Celtics Turn to Data Analytics Tool for Help Pricing Tickets

Team exec touts seven-figure ROI since last summer

When the performance of Paul Pierce and his teammates isn't selling out TD Banknorth Garden, the Celtics use a data analytics tool to come up with ticket prices that will put fans in the seats.
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When the performance of Paul Pierce and his teammates isn't selling out TD Banknorth Garden, the Celtics use a data analytics tool to come up with ticket prices that will put fans in the seats.
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Boston Celtics executives are taking advantage of a data analytics tool for the first time in their annual January task of setting prices for the 18,600 seats in TD Banknorth Garden.

The NBA team installed the StratBridge.net tool from Cambridge, Mass.-based StratBridge Inc. in August to monitor consumer demand through real-time displays of sold and available seats in its home arena. Now team officials are also using the tool during the monthlong project to set base ticket prices for the next season, officials said.

The new tool has helped the organization quickly develop promotions and sales strategies to fill available seats and to analyze revenue based on long-term sales trends, said Daryl Morey, senior vice president of operations and information for the Celtics.

Dynamic View of Trends

"Until we had this tool, it was very difficult to create dynamic packages, because our ticket providers didn't have a rapid way to see which seats were open," Morey said. "Now we can actually see in real time every single seat and how much it is sold for."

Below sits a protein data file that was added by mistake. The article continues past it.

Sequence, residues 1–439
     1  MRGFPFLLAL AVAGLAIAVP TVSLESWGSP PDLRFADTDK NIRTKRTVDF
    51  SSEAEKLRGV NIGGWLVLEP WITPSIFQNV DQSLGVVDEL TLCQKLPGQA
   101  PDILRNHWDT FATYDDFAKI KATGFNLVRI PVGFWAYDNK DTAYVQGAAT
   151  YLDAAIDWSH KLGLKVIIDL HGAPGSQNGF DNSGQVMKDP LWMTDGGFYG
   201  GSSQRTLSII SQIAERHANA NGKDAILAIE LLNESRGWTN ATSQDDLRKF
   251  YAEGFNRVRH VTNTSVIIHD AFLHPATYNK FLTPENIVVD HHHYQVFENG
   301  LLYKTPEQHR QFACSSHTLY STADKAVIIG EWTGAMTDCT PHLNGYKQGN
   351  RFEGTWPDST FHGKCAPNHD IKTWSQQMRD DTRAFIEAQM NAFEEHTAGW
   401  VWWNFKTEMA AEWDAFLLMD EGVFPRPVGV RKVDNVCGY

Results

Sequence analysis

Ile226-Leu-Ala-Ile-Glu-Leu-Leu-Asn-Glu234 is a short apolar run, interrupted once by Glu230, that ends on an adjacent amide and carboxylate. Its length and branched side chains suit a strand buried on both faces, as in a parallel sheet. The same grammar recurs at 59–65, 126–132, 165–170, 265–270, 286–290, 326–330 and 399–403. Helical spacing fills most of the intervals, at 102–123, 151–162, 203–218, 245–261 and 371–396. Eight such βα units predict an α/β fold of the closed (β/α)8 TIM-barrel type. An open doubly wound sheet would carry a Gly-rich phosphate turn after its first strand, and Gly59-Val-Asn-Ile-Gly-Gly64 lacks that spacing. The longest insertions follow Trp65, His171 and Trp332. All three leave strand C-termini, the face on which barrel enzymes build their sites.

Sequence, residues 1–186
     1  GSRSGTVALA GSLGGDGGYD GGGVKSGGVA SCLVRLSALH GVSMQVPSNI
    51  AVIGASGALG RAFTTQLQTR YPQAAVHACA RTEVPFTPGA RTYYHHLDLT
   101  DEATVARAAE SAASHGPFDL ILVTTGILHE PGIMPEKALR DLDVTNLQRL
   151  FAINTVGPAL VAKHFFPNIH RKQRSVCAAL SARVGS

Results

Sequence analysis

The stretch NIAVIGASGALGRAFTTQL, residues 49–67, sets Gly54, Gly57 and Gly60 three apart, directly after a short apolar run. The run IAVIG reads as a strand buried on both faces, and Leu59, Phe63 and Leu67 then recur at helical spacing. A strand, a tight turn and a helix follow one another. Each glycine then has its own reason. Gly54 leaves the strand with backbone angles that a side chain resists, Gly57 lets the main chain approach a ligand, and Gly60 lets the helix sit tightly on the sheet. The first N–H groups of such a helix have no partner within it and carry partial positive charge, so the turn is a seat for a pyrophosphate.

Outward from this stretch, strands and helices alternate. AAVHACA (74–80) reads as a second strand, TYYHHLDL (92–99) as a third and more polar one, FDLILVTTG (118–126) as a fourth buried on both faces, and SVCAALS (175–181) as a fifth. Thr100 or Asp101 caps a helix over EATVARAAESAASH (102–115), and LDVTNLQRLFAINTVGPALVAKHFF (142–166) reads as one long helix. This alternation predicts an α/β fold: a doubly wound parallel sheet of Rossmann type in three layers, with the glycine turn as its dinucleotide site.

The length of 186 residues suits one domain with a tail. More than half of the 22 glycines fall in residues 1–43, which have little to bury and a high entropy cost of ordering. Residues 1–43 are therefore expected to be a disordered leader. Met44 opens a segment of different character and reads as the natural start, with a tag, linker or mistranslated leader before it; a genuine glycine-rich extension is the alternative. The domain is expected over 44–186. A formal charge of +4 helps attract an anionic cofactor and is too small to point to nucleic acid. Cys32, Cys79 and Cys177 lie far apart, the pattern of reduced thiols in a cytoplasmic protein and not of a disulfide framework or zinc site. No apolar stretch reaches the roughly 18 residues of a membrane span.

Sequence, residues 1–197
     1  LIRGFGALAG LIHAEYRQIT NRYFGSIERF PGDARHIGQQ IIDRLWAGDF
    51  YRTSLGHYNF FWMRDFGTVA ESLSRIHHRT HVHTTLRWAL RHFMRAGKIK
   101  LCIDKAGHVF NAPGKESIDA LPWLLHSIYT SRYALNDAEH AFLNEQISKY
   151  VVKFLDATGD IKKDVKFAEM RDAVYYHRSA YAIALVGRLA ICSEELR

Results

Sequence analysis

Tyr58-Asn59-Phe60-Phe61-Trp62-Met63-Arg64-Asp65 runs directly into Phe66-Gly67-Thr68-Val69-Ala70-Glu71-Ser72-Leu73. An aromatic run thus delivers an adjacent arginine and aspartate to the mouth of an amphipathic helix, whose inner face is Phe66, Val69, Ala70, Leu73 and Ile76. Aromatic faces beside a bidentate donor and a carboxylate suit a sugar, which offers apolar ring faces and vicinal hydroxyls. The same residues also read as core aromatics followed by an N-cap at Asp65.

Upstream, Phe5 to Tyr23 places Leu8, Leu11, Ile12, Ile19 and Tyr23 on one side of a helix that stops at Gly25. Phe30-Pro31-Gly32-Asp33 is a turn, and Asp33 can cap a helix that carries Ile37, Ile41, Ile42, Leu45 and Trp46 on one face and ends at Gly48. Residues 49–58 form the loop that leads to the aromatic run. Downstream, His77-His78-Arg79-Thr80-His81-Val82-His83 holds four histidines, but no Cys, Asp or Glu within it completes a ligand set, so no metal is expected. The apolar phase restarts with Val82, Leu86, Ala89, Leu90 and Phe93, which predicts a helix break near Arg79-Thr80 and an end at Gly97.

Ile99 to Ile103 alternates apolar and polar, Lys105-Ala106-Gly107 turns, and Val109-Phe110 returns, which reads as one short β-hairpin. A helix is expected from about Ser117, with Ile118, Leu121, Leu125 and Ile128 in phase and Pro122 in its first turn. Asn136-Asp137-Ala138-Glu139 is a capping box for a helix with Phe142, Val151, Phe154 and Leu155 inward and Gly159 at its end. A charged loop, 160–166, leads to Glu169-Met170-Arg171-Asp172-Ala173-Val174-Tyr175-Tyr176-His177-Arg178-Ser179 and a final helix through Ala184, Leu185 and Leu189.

The basketball team has already seen a "seven figure" return on investment fueled by five-figure revenue boosts every one to two weeks since it began using StratBridge.net last summer, according to Morey.

Before using data analytics, sales executives used Excel spreadsheets to adjust pricing, Morey said. In that system, pricing could be adjusted only for all the seats within each of 12 large sections in the arena, he added.

"It was a leap of faith looking at the data at that level," Morey said.

Using the analytics tool, for example, planners found that ticket buyers tended to favor aisle seating in certain sections; as a result, the team now focuses on marketing the inner seats.

Now, in the ticket office, group- and individual-ticket sellers can see an image of the arena seating chart on a plasma TV screen with different color blocks indicating real-time availability and revenue for home games. Sales executives can access this information from their desktops to study buying trends and design new promotions.

"It spurs people to get more excited about their job -- they are not waiting a month and a half for their commission check before they see the results of a sale," Morey said.

StratBridge.net extracts data from internal and external sources and displays it visually in Internet browsers and Microsoft Office applications. The analysis can be presented to users in Word, Excel, PowerPoint and Adobe PDF files.

Bill Hostmann, an analyst at Gartner Inc. in Stamford, Conn., said companies trying to market "perishable" products like basketball games, hotel rooms or live TV broadcasts are beginning to turn to this type of data analysis, which was first perfected in the airline industry.

"You're seeing more and more of this kind of analytical functionality being embedded in the application itself as a part of the process, as opposed to being done on a quarterly or weekly basis," Hostmann said. "The ROI is very fast on these types of applications."

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